Amazon only allows 7 tags for your product and offer limited genre choices. The biggest positive is that I saw one or two instant sales -- but then afterwards, nothing.  My cynical side wants to think that Amazon has a slush fund for buying the first copy of a writer’s work. If they can keep you hoping, then you’ll keep putting out content.
Not that I have any proof of such a silly idea. Maybe I should just pat myself on the back that I got lucky day one.
Uploading takes forever and you can’t really go on to the next project as you wait. The whole process happens over several different screens.
The actual publishing of your ebook takes 24 hours.
Nook doesn’t offer you a free cover, but they do try to make themselves your browser-based word processor/Scrivener project manager. If you have any bold or italics in your document, you’ll have to go back and add them in via the Nook system.
I seem to remember this one was the most clunky to work with, though they seemed to have the most flexible system for cutting and pasting your tags in.
Again, uploads take forever and it seems that you take chances if you try to skip to the next project. You have to go through several screens related to different silos (price, audience, actual upload).
The upside is, they publish your ebook in a few hours.
How I hate and love you.
Smashwords had the only single upload screen process, which was great, and the process actually invites you to upload something else as your ebook is translated in any format you need. Neat.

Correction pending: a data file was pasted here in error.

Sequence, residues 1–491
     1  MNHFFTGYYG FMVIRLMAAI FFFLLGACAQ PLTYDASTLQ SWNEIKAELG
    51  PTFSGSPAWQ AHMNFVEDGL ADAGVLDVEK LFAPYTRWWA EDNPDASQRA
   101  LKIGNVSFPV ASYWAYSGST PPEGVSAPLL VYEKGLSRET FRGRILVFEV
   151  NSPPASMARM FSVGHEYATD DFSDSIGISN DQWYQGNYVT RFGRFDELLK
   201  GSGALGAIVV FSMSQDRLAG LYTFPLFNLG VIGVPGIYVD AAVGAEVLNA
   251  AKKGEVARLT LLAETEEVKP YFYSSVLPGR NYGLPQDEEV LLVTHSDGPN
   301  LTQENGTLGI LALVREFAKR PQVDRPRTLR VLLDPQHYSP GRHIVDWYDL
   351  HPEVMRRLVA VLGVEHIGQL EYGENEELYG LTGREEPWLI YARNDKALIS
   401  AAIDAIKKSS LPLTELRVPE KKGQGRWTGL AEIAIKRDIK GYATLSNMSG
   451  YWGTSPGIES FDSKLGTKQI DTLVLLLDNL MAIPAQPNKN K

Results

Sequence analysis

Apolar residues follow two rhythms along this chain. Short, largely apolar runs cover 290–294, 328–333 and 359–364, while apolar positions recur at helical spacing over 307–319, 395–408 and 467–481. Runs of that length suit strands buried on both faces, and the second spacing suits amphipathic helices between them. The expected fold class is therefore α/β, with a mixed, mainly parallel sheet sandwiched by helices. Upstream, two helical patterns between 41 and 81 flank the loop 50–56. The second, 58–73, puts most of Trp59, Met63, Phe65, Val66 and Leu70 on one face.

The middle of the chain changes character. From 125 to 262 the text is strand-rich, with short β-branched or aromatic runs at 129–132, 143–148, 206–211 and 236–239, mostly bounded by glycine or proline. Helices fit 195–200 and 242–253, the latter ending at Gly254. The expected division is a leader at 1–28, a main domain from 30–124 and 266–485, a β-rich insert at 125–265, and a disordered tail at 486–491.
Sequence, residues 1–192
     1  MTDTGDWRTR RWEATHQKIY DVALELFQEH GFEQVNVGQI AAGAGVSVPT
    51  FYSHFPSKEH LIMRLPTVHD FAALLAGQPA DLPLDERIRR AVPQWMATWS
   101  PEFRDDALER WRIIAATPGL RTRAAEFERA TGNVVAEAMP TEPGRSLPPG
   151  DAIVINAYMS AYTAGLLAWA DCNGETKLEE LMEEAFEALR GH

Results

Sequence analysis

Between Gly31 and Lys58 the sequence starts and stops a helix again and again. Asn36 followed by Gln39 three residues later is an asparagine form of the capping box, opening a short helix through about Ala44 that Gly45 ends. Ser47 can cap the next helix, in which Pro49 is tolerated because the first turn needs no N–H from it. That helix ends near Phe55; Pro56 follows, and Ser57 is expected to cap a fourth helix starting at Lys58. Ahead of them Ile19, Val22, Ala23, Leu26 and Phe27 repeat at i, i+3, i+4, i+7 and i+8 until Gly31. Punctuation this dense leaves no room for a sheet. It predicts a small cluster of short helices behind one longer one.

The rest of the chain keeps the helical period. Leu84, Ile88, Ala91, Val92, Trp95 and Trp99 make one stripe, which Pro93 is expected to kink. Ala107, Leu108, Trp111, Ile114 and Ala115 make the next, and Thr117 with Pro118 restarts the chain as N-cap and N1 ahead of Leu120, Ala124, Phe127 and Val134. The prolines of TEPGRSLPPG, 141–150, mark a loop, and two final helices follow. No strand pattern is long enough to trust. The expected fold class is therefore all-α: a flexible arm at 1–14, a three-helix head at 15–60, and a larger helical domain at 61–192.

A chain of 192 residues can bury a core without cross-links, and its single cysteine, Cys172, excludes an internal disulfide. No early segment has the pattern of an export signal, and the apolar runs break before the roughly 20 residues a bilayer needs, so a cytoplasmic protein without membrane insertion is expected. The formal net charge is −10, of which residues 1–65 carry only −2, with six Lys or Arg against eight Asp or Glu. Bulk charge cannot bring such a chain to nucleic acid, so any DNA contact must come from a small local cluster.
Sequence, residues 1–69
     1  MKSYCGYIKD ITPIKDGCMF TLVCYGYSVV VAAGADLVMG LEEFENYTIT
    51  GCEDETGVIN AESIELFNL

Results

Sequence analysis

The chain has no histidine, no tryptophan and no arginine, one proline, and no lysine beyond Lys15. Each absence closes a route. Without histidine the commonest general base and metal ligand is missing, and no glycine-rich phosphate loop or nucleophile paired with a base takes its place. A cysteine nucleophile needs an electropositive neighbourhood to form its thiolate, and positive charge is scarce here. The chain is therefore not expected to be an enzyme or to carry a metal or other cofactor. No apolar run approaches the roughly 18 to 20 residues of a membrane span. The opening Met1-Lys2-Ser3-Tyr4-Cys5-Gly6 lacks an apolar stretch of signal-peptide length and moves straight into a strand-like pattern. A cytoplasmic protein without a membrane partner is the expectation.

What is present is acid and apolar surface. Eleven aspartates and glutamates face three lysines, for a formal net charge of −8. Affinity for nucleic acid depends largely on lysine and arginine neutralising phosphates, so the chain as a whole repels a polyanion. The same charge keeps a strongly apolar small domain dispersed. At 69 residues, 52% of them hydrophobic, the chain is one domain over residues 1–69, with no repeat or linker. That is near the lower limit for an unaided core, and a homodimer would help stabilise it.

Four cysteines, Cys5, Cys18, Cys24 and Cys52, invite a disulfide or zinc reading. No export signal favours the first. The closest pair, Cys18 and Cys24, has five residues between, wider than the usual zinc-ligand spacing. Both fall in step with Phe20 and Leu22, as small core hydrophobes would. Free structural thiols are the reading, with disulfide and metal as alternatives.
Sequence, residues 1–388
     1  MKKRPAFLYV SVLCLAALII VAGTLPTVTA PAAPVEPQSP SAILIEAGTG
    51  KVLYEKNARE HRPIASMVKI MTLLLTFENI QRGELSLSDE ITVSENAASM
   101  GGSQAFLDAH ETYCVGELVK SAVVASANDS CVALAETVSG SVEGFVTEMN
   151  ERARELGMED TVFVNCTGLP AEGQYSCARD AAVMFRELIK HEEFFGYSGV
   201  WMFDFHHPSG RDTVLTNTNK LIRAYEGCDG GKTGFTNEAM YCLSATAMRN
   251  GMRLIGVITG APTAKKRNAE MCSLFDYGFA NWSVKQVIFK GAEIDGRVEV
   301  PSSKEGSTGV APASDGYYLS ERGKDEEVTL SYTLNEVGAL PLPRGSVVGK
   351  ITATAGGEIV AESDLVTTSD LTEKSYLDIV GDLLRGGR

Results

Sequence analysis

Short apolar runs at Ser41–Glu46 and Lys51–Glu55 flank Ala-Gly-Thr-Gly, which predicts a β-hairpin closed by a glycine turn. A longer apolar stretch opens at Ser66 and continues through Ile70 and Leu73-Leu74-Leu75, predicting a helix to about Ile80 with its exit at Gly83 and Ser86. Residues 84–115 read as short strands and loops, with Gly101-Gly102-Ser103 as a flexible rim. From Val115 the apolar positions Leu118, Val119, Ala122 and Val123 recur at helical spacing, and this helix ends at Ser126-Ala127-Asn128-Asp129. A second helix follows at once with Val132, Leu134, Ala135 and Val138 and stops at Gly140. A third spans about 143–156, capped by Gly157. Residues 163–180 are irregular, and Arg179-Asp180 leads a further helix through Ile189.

But SW has the most proprietary system for formatting your work (which at the very least means including a copyright that names your submission a “Smashwords Edition.”) For example, Their Word TOC system works off Bookmarks, not Styles and other odd bits.

->TL:DR Read their handbook. It will save you from a lot of grief later.
Even though the actual upload is painless, it take days -- yep days – for a story to go live. It makes me imagine that they have a light-starved gnome locked in a server box, reading every upload by the light of a candle and a Sega Genesis.
I still believe enough in my strategy that I’d do it again. But in the future, I’ll be adding individual stories and remember that I have to multiply my efforts by three.  
’Cause as an ebook author, there’s no such thing as bulk shipping.

Friday, June 27, 2014

Help a Franchise Fiction Brother out.

Do you like Star Trek, Farscape, and World of Warcraft? What do these three things have in common? A great writer who's in a bit of a pinch.

A Master of Franchise Fiction,  Keith DeCandido, selling and signing a lot of out of print stuff to make ends meet until the next set of projects pay off.

I've personally met the guy and he's a great person. Give his Facebook post a check and see if there's something you'd love to have on your shelf.